Teacher development is directly linked to teacher retention and effectiveness. So why doesn’t teacher development get the attention it so desperately needs? A misunderstood and difficult topic, teacher development should aim to create culture, not simply teach teachers.
Ultimately, the entire purpose of teacher development is not to make the principal look good for bringing in special programs or to make parents feel that the school is the most modern, progressive institution possible. Rather, when dealing with teacher development, we should have a singular aim in mind: to create a better environment for students to learn. If the students succeed, the teacher development has succeeded. 

When it comes to Judaic studies, teacher development becomes both more complicated - and arguably more important. In this field, carefully defining the terms before beginning any work is of paramount importance.
The definition of “student effectiveness” in Jewish studies may differ from that in math, science or English. Unlike general studies, we cannot measure it simply by the amount of material memorized or the number of projects sent home.
Because Judaic studies strives to instill meaning, rather than simply knowledge, we must define effectiveness much more qualitatively. After all, one cannot pronounce a Jewish education effective if the student has a very good understanding of the religion, yet chooses to live a life bereft of our tradition’s values and practices. As such, the stakes for teacher development in Judaic studies become even higher because proper development empowers teachers to make the students partners in their own education.

It is crucially important that teachers understand the school’s underlying vision, how it functions and its unique culture. This knowledge guides a teacher, enabling them to behave and to act in ways that are advantageous to themselves and to their students. But the teacher is not responsible for creating or articulating this vision. That responsibility falls on the head of school, and it’s one of the most important roles that individual must play. That vision must be clear – the product of a great deal of intentional thinking.

Mandates from administration are no substitute for an effective cultural vision. Likewise, if a math teacher attends a teaching development where she learns new exercises or a new paradigm for instruction for a given topic, she might make a little headway. But in all likelihood, without proper support and time to apply it in the classroom, she will struggle to implement this potentially beneficial framework.

She must know at the outset that the school expects her to learn alongside her students, and that finding the best way to engage with her pupils is just much a part of her job as understanding the material.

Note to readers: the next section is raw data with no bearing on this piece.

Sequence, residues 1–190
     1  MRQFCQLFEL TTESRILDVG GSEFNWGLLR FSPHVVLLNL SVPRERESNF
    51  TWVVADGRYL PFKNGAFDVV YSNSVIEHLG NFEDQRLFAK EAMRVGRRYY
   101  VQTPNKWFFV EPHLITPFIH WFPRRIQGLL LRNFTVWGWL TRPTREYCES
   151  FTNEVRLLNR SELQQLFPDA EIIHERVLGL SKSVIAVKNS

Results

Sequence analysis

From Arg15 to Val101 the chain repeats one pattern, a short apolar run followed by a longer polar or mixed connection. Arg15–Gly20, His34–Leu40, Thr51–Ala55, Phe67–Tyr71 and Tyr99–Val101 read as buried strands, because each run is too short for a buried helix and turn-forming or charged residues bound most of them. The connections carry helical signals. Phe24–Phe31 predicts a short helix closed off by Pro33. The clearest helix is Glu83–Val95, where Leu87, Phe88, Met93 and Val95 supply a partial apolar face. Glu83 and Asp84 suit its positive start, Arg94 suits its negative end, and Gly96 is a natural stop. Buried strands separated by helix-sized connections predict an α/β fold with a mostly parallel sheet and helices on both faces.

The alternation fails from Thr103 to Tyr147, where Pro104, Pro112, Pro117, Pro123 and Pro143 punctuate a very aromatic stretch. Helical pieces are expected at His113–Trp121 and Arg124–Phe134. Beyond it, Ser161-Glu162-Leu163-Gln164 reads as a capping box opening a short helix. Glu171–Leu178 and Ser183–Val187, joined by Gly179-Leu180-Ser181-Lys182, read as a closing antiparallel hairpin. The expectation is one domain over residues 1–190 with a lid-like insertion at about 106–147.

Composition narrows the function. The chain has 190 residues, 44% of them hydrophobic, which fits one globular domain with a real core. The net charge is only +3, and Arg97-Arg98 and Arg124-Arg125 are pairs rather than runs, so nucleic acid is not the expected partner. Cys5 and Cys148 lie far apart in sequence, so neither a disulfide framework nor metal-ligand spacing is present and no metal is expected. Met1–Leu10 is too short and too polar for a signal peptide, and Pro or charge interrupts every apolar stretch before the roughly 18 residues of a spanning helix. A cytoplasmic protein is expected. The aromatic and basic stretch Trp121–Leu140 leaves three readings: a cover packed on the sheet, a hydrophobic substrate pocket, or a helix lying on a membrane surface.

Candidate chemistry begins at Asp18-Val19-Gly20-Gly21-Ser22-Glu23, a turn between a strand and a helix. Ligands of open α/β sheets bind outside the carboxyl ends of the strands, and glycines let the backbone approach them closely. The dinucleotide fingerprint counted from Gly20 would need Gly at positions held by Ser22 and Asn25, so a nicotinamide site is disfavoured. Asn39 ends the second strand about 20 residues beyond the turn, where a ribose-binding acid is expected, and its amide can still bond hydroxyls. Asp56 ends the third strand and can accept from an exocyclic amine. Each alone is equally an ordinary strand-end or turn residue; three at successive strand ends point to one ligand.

To make significant and lasting improvements in teacher development, administrators should arrange to teach their educators a whole host of topics in order to understand and analyze the school’s culture. By the end of these sessions, the teacher should feel differently about how to navigate the environment in order to get students open and emotionally available to learn.
Oft-overlooked benefits of solid teacher development include enhanced retention, satisfaction and effectiveness among faculty. Heads of school, take note: if these indicators lag at your institution, view it as a clear indicator that your teacher development could be improved.
Of course, heads of school must also implement some method to assess the program’s efficacy as it goes along. A triangulation of data is best, for it ensures that all bases are covered. Teachers should assess themselves, their peers should weigh in, and their supervisor must also complete an evaluation. Through this collection of qualitative and quantitative data, an administrator can gauge how the program is progressing, recalibrate if needed, and assess again.
Unfortunately, development burnout for veteran teachers remains a very real ailment, though it is an avoidable affliction. Steer clear of the revolving door of influencers trying to sell their methods; they are outsiders, and nine times out of ten, it won’t be the right fit.  Instead, find people who can help by developing insight and stylistic approaches, not selling entire off-the-shelf systems.
No matter the subject, teacher development plays an instrumental role in the efficacy of a student’s education, and schools should prioritize it. Developing a program that helps teachers acquire self-awareness and navigate their school culture with ease creates more effective educators that help students to shine